Out of its shell
Led Zeppelin, ZZ Top, samba and stolen '70s funk samples-they're all in the new Tortoise album.
Chicago’s celebrated art-rock quintet hasn’t exactly been idle in the half decade since its last full-length, It’s All Around You. In the meantime, the band’s come out with a covers album with Bonnie “Prince” Billy (The Brave and the Bold), a box set of rarities (A Lazarus Taxon) and 2007’s Bumps, collecting breaks from the band’s three drummers, Dan Bitney, John Herndon and John McEntire. The latter figures most prominently on its sixth LP, Beacons of Ancestorship, which steers away from the back catalog’s mallet-driven melodies and haunting spaghetti Westerns. We spoke with all five players individually to get a deeper look into their unique creative process.
“High Class Slim Came Floatin In”
John Herndon That’s me playing those brushes—the version that I recorded at my house was up on my MySpace page for a long time. I don’t know if it’s ever going to see the light of day—but Shunda K from Yo Majesty rhymed on the original version. She was staying at our house because they were playing a show in town. She rolled a blunt and was just like, “Man, let’s build! I wanna rhyme on some of your shit.” She wrote lyrics, but then I had to do some other stuff so we didn’t finish it. I got too high to do anything except clean the house.
“Prepare Your Coffin”
John McEntire I was messing around with this chord progression, and I got really interested in the idea of having a simple progression over a bass line that changed really slowly—like every four bars. That would change the harmony, or the perception of the harmony, real slowly as the bass line moved around. That was about it, really; it started out as an exercise in seeing how that would work.
Dan Bitney The song used to have a rhythm that I would describe as a Charleston beat or something. There was one point during mixing when I said, “Y’know, it’s kinda fast and weird.” With Tortoise, it’s about getting weird or imaginative, but I just don’t know about that rhythm. But at the last minute, I could definitely see more people starting to move to a dancehall beat than to this straight-ahead beat. People say it’s like dubstep. It’s kind of the same thing. That’s the kind of stuff that I hope for when working with these guys—I’ll bring something in, and somebody will start trying something, and it’s something you never would’ve thought. That’s the magic for me.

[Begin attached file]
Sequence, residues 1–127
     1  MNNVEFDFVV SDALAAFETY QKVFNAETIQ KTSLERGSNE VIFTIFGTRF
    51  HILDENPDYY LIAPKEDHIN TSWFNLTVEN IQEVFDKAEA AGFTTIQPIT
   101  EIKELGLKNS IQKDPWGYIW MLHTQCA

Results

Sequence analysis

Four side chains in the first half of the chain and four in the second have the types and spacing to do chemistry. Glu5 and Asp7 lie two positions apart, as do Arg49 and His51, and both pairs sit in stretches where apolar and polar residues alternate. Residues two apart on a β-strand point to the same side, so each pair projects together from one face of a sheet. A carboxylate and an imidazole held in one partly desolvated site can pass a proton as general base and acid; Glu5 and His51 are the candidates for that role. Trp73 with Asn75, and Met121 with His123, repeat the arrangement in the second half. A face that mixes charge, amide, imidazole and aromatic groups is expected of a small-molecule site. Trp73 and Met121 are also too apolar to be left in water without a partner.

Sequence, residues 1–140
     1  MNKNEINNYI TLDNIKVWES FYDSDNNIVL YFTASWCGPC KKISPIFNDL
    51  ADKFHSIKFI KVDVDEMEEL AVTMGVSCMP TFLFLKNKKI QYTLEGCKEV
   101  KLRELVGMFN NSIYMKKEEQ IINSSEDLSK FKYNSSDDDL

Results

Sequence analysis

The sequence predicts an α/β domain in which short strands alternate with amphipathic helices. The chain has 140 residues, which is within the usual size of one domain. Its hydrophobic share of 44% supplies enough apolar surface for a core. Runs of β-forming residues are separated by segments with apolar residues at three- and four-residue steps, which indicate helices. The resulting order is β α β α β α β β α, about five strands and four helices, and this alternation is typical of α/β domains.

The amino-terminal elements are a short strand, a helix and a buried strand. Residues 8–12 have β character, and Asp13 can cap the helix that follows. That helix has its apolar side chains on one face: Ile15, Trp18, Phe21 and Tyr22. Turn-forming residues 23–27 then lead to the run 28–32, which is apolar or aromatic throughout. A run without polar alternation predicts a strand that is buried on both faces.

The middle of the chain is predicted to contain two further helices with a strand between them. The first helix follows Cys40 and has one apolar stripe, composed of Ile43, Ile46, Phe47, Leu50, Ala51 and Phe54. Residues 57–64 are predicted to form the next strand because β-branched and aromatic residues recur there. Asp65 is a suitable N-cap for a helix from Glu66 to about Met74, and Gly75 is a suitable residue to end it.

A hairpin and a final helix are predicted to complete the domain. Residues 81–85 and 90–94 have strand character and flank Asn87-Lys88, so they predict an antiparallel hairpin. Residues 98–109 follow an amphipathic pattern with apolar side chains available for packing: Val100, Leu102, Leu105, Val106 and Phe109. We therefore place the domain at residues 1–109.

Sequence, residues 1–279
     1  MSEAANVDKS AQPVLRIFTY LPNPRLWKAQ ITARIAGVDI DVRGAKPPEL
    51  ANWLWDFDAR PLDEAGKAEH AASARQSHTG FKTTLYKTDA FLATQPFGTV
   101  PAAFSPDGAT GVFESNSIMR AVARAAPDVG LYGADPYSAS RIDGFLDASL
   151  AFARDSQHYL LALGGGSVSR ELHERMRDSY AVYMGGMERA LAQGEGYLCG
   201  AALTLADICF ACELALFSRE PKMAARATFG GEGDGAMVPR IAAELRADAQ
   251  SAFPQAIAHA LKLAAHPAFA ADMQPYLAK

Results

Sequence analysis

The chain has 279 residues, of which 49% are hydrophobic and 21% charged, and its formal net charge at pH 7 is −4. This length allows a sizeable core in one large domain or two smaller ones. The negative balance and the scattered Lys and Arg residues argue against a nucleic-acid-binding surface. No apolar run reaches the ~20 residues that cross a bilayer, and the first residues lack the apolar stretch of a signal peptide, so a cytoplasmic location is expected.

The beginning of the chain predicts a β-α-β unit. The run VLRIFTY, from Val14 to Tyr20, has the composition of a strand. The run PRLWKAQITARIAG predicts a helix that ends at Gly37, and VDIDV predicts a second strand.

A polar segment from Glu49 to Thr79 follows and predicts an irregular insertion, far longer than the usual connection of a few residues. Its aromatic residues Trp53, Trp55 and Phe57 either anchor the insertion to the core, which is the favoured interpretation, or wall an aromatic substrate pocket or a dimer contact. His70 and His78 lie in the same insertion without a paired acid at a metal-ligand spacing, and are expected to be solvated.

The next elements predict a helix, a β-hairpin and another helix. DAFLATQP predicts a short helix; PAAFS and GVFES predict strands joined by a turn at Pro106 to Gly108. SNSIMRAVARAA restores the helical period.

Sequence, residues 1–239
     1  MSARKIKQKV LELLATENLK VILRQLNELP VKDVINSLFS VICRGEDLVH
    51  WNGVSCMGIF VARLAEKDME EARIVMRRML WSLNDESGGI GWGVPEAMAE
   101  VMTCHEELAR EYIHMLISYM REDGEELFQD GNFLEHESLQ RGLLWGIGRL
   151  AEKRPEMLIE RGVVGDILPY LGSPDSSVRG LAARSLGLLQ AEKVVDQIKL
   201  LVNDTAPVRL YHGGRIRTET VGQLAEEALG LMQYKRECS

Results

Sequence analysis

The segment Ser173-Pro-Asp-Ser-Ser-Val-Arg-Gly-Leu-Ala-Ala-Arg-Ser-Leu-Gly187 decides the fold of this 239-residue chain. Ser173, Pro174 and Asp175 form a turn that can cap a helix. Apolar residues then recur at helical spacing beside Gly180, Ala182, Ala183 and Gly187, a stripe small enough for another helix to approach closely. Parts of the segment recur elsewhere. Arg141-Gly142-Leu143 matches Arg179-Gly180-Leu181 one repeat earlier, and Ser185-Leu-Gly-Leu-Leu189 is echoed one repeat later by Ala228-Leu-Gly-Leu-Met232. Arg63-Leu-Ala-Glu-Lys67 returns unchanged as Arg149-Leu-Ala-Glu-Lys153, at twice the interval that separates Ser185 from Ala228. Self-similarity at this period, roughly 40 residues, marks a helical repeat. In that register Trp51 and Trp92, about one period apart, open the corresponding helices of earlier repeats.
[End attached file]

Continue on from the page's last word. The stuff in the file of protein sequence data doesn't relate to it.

John Herndon John [McEntire]’s playing the hammer dulcimer on the beginning. That tune was one of the songs that we thought was finished when we turned in the record back in December, then we decided that we needed to overhaul the whole thing and did so in February. The dulcimer was not on the original version. I had to leave the studio early that day. When I left I saw John grabbing for that thing, and I was like “Shit, what’s gonna happen here?” And I came back and I was like “Oh, damn!”
Dan Bitney I copied a weird old samba record. There’s a break in where it’s two measures of drums and I based the last Bumps song on that. The Bumps record easy, because you’re not making complete songs, you’re just coming up with what you think is an interesting rhythm. I just had a couple of those ideas left over for the Tortoise album.